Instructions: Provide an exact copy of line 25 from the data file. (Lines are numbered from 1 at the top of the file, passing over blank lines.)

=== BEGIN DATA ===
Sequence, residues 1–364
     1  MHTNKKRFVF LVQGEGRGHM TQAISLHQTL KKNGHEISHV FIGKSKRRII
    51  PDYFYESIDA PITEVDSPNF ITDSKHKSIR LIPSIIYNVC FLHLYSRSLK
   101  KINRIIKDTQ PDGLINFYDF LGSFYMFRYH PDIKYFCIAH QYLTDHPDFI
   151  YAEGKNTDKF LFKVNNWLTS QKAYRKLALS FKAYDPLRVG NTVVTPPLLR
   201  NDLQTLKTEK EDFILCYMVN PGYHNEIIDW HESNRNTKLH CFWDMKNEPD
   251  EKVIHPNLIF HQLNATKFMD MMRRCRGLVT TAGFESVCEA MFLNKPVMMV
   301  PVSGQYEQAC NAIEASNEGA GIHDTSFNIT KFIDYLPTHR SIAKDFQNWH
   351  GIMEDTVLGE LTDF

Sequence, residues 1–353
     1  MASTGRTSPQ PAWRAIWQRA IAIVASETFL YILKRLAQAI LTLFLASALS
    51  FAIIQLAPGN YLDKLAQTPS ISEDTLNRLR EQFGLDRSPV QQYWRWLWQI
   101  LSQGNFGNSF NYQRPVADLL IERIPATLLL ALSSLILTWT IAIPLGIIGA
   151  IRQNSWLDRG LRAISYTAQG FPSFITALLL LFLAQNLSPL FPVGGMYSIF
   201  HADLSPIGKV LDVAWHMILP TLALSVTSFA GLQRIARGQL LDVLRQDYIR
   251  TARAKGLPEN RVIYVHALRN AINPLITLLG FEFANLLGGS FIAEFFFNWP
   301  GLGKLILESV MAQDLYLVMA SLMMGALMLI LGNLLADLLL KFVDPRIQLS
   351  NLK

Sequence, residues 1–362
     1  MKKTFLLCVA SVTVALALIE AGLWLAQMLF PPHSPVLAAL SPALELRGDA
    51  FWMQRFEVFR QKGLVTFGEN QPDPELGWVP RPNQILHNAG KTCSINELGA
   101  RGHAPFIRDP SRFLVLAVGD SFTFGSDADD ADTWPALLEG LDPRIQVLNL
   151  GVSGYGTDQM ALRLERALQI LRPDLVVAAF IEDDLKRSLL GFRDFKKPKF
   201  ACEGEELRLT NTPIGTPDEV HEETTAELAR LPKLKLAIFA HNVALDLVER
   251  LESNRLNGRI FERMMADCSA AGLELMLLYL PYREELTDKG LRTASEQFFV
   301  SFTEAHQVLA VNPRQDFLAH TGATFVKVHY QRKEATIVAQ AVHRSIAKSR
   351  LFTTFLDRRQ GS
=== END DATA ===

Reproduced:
   251  LESNRLNGRI FERMMADCSA AGLELMLLYL PYREELTDKG LRTASEQFFV